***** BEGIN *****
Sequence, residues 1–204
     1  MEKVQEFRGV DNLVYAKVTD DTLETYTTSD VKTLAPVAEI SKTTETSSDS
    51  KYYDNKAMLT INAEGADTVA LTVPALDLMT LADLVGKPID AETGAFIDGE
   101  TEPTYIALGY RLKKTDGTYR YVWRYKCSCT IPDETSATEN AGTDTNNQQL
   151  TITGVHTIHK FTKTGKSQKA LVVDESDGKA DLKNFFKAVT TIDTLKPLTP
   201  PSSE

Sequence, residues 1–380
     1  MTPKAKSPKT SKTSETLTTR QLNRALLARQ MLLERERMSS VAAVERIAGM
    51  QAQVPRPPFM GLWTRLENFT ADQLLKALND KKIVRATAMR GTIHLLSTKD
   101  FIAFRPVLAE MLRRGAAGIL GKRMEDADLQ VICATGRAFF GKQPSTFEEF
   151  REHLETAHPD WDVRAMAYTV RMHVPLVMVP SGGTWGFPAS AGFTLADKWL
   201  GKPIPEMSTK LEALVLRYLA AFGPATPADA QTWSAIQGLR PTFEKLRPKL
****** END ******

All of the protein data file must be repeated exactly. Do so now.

Sequence, residues 1–204
     1  MEKVQEFRGV DNLVYAKVTD DTLETYTTSD VKTLAPVAEI SKTTETSSDS
    51  KYYDNKAMLT INAEGADTVA LTVPALDLMT LADLVGKPID AETGAFIDGE
   101  TEPTYIALGY RLKKTDGTYR YVWRYKCSCT IPDETSATEN AGTDTNNQQL
   151  TITGVHTIHK FTKTGKSQKA LVVDESDGKA DLKNFFKAVT TIDTLKPLTP
   201  PSSE

Sequence, residues 1–380
     1  MTPKAKSPKT SKTSETLTTR QLNRALLARQ MLLERERMSS VAAVERIAGM
    51  QAQVPRPPFM GLWTRLENFT ADQLLKALND KKIVRATAMR GTIHLLSTKD
   101  FIAFRPVLAE MLRRGAAGIL GKRMEDADLQ VICATGRAFF GKQPSTFEEF
   151  REHLETAHPD WDVRAMAYTV RMHVPLVMVP SGGTWGFPAS AGFTLADKWL
   201  GKPIPEMSTK LEALVLRYLA AFGPATPADA QTWSAIQGLR PTFEKLRPKL